Easily view different parts of your accounts, campaigns or ad groups at the same time.For example, if you’re writing ads for your ad groups it can be a good exercise to break them out, so you have the ads in one window. In your native window you will then be able to see the keywords that you’re writing the ads for.
For me, this is one of the biggest flaws in the current AdWords web interface. You can go to the keyword level and see an example of the ad you’re running, but you can’t go to the ad level and see examples of the keywords you’re running. Big mistake, which forces you to jump back and forth from the different levels to write optimal ads.To open a new window with the specific ads or keywords you want to see, then just click the small square with an arrow in it:
Just note that you will only see the square with arrow for the specific type (keywords, negative keywords, locations, etc.) that you have selected. This is also why you will only see the “new window” button for the keywords in the example above.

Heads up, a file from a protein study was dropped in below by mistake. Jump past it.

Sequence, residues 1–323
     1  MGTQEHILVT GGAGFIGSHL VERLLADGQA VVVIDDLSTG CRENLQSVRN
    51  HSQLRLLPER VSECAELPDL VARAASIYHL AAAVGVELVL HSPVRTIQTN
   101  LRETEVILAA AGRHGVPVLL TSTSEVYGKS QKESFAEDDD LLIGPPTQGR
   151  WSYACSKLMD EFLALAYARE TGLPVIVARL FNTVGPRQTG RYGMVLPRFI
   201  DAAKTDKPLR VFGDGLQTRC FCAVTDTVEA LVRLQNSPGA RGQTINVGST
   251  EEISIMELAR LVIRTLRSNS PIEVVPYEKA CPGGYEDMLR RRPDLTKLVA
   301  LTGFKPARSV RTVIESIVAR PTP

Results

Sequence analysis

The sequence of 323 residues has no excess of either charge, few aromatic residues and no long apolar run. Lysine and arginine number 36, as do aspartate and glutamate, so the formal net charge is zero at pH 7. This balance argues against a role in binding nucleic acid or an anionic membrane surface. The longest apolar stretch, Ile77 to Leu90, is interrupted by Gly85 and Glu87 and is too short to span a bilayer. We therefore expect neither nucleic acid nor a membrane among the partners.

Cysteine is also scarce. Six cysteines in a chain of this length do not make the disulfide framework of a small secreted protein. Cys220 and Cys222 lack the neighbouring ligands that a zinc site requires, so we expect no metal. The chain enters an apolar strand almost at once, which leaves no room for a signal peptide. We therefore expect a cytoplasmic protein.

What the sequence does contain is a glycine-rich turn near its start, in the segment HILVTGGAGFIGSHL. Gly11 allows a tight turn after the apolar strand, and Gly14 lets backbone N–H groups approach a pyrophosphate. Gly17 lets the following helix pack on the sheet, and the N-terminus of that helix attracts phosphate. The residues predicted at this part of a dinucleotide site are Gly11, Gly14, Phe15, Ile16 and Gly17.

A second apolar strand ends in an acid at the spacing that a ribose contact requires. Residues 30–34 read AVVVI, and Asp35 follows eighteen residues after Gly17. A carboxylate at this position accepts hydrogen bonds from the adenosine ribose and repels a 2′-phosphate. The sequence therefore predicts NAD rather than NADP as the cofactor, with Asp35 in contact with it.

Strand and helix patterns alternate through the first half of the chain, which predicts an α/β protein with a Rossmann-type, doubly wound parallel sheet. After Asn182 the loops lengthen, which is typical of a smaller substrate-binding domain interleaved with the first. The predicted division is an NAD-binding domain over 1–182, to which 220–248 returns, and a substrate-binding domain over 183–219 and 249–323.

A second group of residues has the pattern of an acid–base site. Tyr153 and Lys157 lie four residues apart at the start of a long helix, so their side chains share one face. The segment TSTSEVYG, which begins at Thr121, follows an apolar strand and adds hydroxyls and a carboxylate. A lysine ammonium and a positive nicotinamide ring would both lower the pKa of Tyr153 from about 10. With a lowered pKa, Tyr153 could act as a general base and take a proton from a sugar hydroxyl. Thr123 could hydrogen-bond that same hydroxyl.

The very cool thing is that the window keeps moving as you change ad group. This means that as you move from ad group to ad group you don’t have to open a new window for every ad group. The additional window will simply just change as you move around.
3. A more powerful Account Manager
An amazing improvement has been made to the way that accounts are downloaded and managed.You can quickly and seamlessly download multiple accounts or full MCCs (for handling multiple accounts under one “umbrella account”) and view any errors or warnings quickly.
The Account Manager will be the first thing you see when you open the Editor. This makes it easy to review multiple accounts and little time to allocate to each one of them.
4. The Ability to Open Multiple Accounts at Once